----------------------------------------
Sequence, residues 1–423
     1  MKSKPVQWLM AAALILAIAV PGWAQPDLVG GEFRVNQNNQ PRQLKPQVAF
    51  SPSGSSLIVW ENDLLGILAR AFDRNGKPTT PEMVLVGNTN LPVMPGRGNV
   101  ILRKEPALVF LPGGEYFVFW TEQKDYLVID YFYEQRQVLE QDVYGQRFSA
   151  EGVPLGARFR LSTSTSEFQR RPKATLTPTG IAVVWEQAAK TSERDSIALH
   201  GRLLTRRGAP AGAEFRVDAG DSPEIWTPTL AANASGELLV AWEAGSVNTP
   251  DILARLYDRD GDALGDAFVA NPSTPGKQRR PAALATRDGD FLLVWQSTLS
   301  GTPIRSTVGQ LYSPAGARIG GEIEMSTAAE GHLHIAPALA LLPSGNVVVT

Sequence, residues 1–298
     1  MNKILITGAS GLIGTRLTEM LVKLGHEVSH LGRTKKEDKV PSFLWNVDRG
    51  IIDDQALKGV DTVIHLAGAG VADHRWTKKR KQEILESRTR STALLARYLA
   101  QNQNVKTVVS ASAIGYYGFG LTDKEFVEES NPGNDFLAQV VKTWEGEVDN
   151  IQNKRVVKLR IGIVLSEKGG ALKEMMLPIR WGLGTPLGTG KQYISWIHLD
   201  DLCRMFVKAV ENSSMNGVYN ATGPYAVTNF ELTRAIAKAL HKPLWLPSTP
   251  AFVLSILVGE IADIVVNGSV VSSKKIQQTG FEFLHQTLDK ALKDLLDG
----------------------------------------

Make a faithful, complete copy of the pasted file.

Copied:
Sequence, residues 1–423
     1  MKSKPVQWLM AAALILAIAV PGWAQPDLVG GEFRVNQNNQ PRQLKPQVAF
    51  SPSGSSLIVW ENDLLGILAR AFDRNGKPTT PEMVLVGNTN LPVMPGRGNV
   101  ILRKEPALVF LPGGEYFVFW TEQKDYLVID YFYEQRQVLE QDVYGQRFSA
   151  EGVPLGARFR LSTSTSEFQR RPKATLTPTG IAVVWEQAAK TSERDSIALH
   201  GRLLTRRGAP AGAEFRVDAG DSPEIWTPTL AANASGELLV AWEAGSVNTP
   251  DILARLYDRD GDALGDAFVA NPSTPGKQRR PAALATRDGD FLLVWQSTLS
   301  GTPIRSTVGQ LYSPAGARIG GEIEMSTAAE GHLHIAPALA LLPSGNVVVT

Sequence, residues 1–298
     1  MNKILITGAS GLIGTRLTEM LVKLGHEVSH LGRTKKEDKV PSFLWNVDRG
    51  IIDDQALKGV DTVIHLAGAG VADHRWTKKR KQEILESRTR STALLARYLA
   101  QNQNVKTVVS ASAIGYYGFG LTDKEFVEES NPGNDFLAQV VKTWEGEVDN
   151  IQNKRVVKLR IGIVLSEKGG ALKEMMLPIR WGLGTPLGTG KQYISWIHLD
   201  DLCRMFVKAV ENSSMNGVYN ATGPYAVTNF ELTRAIAKAL HKPLWLPSTP
   251  AFVLSILVGE IADIVVNGSV VSSKKIQQTG FEFLHQTLDK ALKDLLDG